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Review: Jason Statham goes toe to toe with massive shark in dull 'The Meg'

Courtesy of Warner Bros. 


You can't have a summer movie going season without a deliriously stupid shark movie.

And that's what “The Meg” is: A guilty pleasure which features a gigantic prehistoric megalodon going toe to toe with Jason Statham. Director Jon Turteltaub (“National Treasure”) has all the ingredients for a late splash of summer fun, although the film never embraces the wink and nod charm of past shark flicks (Blake Lively faced tougher odds in “The Shallows”) and can't seem to overcome a script that's too dull, even by the low standards this CGI-laden genre tends to bark up.

At least we have Statham – one of the best parts about this monster-sized flick – doing his thing as a disgraced sea captain named Jonas, who is called upon by a motley crew of marine biologists to save a team that's been capsized deep into ocean waters. In a MacGuffin too preposterous to explain, these scientists have been dabbling with a new eco system (beneath the core of the ocean) and have thus opened a portal for one pissed off ancestor. As one character yells “Did we just open an international highway for sharks?”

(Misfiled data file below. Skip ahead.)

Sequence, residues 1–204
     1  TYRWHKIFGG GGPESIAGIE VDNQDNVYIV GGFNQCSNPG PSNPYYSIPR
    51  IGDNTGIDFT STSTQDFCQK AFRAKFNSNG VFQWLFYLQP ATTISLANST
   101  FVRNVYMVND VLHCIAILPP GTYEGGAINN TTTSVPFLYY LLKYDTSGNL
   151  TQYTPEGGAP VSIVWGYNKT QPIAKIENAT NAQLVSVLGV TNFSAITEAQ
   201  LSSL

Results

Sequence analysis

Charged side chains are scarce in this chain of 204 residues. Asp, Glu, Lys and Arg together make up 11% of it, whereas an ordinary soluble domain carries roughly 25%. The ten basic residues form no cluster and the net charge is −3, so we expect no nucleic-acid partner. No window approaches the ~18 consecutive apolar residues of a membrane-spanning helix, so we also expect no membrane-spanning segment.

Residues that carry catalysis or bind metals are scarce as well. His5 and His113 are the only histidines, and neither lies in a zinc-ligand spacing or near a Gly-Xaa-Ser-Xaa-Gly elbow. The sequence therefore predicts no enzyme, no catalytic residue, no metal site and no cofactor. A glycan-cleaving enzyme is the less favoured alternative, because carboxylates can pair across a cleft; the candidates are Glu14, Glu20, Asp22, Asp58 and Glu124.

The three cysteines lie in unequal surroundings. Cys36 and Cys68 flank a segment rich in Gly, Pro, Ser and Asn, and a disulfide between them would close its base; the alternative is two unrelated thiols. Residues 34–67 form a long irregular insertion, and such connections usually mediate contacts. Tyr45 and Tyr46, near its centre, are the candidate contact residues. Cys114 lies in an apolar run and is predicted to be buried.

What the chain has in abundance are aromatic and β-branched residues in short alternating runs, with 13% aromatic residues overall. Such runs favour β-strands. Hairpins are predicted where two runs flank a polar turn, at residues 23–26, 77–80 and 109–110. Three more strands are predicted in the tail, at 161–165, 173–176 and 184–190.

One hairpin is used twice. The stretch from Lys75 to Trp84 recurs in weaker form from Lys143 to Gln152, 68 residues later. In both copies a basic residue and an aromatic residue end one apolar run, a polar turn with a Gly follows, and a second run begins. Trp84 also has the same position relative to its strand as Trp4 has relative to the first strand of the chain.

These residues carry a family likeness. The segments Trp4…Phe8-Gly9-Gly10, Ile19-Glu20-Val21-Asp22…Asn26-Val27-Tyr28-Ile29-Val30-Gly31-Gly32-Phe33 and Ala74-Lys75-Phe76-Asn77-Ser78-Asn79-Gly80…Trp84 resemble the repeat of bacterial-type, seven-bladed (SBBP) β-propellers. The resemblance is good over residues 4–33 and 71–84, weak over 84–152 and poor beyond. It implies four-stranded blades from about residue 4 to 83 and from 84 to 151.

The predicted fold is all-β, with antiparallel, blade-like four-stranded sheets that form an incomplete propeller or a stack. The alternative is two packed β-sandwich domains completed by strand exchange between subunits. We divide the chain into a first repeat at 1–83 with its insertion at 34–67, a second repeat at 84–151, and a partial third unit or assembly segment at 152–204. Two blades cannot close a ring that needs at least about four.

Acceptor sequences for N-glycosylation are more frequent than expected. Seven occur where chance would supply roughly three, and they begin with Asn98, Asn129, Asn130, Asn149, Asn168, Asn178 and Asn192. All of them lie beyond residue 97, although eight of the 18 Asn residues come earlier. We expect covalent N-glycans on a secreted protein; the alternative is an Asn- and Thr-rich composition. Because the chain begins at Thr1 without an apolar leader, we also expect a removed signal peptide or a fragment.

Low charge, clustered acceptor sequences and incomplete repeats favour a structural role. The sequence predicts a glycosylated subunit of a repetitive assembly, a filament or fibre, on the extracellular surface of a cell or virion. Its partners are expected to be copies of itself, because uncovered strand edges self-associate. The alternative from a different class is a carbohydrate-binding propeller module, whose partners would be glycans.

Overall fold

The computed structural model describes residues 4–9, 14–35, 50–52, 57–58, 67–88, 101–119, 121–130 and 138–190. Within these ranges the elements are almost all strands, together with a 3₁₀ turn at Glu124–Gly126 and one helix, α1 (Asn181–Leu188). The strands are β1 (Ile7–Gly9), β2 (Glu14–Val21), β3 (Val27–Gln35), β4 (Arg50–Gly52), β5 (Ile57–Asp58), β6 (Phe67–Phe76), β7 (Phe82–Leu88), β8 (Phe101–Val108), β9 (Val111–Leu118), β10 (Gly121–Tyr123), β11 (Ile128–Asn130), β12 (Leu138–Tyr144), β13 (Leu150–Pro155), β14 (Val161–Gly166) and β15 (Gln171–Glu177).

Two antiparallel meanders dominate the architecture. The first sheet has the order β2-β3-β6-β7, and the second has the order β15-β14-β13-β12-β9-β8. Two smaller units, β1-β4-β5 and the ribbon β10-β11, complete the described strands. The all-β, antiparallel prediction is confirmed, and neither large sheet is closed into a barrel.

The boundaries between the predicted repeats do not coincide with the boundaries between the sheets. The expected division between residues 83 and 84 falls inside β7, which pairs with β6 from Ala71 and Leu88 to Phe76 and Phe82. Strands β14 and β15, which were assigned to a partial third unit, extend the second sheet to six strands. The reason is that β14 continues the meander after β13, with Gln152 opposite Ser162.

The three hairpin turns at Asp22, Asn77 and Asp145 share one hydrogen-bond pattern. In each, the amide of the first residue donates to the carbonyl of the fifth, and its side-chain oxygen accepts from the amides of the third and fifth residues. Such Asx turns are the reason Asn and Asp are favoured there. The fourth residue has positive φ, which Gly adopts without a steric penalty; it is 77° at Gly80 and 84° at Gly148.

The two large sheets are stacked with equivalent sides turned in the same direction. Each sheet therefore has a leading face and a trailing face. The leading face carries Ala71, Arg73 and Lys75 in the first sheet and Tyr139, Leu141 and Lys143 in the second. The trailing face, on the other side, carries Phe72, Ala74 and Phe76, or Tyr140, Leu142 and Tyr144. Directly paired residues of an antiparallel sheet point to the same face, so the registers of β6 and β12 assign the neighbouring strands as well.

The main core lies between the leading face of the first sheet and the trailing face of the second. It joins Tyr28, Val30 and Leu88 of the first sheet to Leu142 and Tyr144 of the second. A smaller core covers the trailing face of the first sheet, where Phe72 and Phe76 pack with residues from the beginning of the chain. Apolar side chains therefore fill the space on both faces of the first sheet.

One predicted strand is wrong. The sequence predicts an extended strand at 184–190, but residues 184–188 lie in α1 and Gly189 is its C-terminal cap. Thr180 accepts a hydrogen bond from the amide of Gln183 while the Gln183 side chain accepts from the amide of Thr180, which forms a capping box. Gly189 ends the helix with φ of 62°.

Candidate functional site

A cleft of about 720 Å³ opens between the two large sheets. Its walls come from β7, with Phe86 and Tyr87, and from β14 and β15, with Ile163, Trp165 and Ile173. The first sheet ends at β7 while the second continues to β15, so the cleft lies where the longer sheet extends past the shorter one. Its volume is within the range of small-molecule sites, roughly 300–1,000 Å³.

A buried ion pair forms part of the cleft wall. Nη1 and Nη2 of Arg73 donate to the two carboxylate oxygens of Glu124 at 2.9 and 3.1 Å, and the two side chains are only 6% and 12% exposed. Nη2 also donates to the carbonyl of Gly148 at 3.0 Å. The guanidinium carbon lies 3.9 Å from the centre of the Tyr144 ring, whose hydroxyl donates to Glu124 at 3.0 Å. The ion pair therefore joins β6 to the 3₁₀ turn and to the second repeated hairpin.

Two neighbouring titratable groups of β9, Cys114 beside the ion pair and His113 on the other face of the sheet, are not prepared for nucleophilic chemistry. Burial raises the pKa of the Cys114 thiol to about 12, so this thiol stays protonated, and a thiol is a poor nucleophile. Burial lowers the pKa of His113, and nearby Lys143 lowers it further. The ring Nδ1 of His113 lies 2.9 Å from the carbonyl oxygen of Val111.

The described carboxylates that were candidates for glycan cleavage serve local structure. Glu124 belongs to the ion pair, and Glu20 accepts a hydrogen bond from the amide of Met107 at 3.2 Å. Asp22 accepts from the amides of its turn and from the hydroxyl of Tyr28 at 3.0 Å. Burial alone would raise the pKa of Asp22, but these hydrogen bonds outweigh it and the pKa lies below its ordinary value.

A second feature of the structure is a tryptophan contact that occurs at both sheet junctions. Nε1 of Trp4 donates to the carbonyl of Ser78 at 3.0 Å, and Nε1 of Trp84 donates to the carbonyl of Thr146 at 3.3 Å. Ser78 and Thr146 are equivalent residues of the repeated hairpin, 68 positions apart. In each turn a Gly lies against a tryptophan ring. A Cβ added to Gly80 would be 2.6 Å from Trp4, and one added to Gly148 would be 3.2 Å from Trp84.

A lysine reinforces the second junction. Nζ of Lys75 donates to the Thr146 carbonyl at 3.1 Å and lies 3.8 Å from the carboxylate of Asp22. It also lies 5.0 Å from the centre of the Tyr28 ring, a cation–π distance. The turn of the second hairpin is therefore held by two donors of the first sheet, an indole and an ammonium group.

Yup. Sure did.

Our big aquatic friend has been unleashed into the vast open sea, which should promise a fair heaping of bloody carnage and mayhem, except the film is rated PG13 and instead shows much of the mutilations off-camera.

Regardless, there's brief spurts of life in this thing (Statham diving in more than once to stare down this beast with nothing but a harpoon is a caffeinated highlight) but the script has lines peppered in that forces all logic to withstand a crew that's supposed to be smart (among them a comedic-less performance from Rainn Wilson of “The Office.”) They drop cheesball one-liners that, often, don't add anything to the film, and it forces subplots that never develop (specifically between Jonas and a co-pilot played by Bingbing Li.) 

Plus, it takes some heavy digging in order to arrive at the much anticipated climax, where the titular creature feasts on a buffet of oblivious beach goers, and even then it's too little, too late.

I don't come to a film like “The Meg” for the script, but I'll stay for some hard R rated dismemberment. Sadly, that's never welcomed here as the film has been clearly amped up for a robust foreign box-office run, and to attract a family audience.

For an afternoon diversion on basic cable “The Meg” gets the job done. For a big studio blockbuster that's asking you to pay real money: stay home and watch reruns of Shark Week.

Grade: C

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